Samsung has been beat out by Chinese technology company Huawei which has become the world’s biggest smartphone seller.

According to data from research firm Canalys, Huawei shipped 55.8 million devices in the second quarter of 2020, trumping Samsung’s 53.7 million.

The period running from April to June this year marks the first quarter in nine years that a company other than South Korean giant Samsung or US iPhone marker Apple has led the market. 

Despite being excluded from the UK’s 5G roll out and banned from trading with US companies, the results reveal Huawei’s global smartphones sales are still healthy. 

The result is largely dependent on the coronavirus pandemic, which has stunted Samsung’s sales in some of its key markets.

Samsung mobile. Image: Pexels

Huawei released its Mate 30 in the UK for £899 (R20 000) back in February – its first smartphone made without access to Google apps due to the US ban. 

‘This is a remarkable result that few people would have predicted a year ago – if it wasn’t for Covid-19, it wouldn’t have happened,’ said Canalys senior analyst Ben Stanton. 

‘Huawei has taken full advantage of the Chinese economic recovery to reignite its smartphone business. 

Huawei shipments of 55.8 million in Q2 is down 5 per cent year-on-year. 

But second-placed Samsung shipped 53.7 million smartphones, a 30 per cent fall against Q2 2019. 

Huawei already had the biggest market share in China, while in comparison, less than 1 per cent of Samsung’s market share is in the country. 

Samsung has also seen its core markets, such as Brazil, India, the US and Europe, ‘ravaged by outbreaks’ of Covid-19 and the subsequent lockdowns, which closed physical phone stores and kick started an economic slowdown.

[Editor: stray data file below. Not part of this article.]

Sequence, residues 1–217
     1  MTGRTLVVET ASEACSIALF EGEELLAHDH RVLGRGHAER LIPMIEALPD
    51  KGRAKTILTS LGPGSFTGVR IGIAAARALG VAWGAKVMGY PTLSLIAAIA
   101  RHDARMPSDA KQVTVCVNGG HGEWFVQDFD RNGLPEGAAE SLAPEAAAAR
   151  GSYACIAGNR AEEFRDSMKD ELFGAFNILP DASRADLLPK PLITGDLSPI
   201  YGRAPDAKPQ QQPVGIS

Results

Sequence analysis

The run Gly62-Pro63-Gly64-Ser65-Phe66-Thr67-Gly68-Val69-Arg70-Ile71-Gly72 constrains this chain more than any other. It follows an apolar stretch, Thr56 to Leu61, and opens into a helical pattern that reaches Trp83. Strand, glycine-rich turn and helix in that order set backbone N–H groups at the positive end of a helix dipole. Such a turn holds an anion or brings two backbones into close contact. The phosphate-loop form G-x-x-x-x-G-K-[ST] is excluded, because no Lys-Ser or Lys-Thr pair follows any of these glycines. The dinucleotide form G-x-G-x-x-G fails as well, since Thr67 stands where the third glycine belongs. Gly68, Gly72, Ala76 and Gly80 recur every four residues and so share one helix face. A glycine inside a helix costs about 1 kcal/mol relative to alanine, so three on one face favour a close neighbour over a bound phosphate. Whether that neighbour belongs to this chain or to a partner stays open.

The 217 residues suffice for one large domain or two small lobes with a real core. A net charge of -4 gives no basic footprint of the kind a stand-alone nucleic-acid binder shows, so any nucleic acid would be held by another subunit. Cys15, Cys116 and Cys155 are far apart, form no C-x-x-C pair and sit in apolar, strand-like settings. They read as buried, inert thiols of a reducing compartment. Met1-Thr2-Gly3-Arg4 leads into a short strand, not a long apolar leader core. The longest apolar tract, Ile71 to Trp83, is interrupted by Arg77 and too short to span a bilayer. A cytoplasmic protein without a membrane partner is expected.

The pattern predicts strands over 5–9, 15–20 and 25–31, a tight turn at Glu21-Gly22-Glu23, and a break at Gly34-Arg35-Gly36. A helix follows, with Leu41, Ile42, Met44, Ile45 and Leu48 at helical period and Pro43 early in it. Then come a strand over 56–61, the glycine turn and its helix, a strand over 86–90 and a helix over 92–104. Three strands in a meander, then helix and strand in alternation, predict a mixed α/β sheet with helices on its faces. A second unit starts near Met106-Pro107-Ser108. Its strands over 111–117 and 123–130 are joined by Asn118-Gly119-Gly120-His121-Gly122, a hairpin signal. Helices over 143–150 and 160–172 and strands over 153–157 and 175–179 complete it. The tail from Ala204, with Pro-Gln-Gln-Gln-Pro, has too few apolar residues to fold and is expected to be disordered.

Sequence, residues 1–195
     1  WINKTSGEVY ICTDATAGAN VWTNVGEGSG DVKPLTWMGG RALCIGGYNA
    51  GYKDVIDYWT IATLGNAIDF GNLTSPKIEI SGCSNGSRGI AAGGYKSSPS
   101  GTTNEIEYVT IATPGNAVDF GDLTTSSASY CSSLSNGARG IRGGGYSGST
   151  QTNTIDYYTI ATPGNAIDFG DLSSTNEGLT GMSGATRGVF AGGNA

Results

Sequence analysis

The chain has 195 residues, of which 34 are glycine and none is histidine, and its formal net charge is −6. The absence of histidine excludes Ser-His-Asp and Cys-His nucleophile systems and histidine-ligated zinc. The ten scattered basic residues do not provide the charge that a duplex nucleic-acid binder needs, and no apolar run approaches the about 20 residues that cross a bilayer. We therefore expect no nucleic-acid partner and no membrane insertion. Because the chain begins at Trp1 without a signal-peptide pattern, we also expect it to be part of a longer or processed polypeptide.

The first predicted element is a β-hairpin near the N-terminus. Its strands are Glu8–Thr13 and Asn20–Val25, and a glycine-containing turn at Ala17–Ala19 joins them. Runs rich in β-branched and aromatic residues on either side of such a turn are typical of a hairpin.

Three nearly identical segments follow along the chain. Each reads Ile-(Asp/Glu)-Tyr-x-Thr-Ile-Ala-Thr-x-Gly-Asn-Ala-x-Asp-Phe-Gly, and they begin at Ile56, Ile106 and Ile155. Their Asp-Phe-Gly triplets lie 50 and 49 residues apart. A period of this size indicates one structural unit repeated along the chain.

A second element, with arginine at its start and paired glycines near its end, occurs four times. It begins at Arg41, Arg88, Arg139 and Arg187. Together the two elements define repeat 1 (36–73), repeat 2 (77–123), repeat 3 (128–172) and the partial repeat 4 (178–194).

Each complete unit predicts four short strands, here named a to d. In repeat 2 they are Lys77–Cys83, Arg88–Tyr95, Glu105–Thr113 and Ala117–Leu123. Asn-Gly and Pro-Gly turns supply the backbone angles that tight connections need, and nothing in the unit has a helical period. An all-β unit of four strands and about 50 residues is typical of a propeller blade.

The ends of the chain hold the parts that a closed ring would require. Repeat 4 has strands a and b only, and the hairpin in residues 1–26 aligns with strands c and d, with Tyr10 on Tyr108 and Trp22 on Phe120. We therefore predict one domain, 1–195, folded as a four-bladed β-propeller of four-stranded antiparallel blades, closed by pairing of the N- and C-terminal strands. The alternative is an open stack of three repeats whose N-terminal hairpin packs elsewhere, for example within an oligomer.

Huawei mobile. Picture sourced from Instagram

Huawei now sells 72 per cent of its smartphones in mainland China, compared with 61 per cent for the January to March quarter this year.

‘Our business has demonstrated exceptional resilience in these difficult times,’ a Huawei spokesman said. 

Huawei’s smartphone sales share for the rest of the world dwindled over the two quarters, from 39 per cent to 29 per cent.

While domestic sales rose 8 per cent, Huawei’s overseas shipments fell 27 per cent in Q2 2020 compared with a year prior. 

But its success can be attributed to the fact that it has grown to dominate its domestic market. 

This is in part due to China’s response during the Covid-19 outbreak – the country has emerged well from the pandemic, with factories reopened, economic development continuing and tight controls on new outbreaks.     

However, Canalys added that it will be hard for Huawei to maintain its lead in the long term. 

Huawei mobile. Picture sourced from Instagram

‘Its major channel partners in key regions, such as Europe, are increasingly wary of ranging Huawei devices, taking on fewer models, and bringing in new brands to reduce risk,’ said Mo Jia at the research firm. 

‘Strength in China alone will not be enough to sustain Huawei at the top once the global economy starts to recover.’

Overall, Huawei’s sales fell 5 per cent from the same quarter a year earlier, while Samsung posted a 30 per cent drop due to weak demand in its key markets. 

Samsung said on Thursday it expects smartphone demand to pick up in the second half of the year.    

As for Huawei, the Chinese company has felt the heat of US sanctions that have disrupted its business overseas. 

Huawei mobile. Picture sourced from Instagram

The US has effectively blocked Huawei from using Google’s services, damaging the attractiveness of the Chinese company’s phones abroad and limited its access to chips for 5G networking.

Earlier this month, the UK government revealed that Huawei equipment will be banned from the UK’s 5G networks due to security concerns.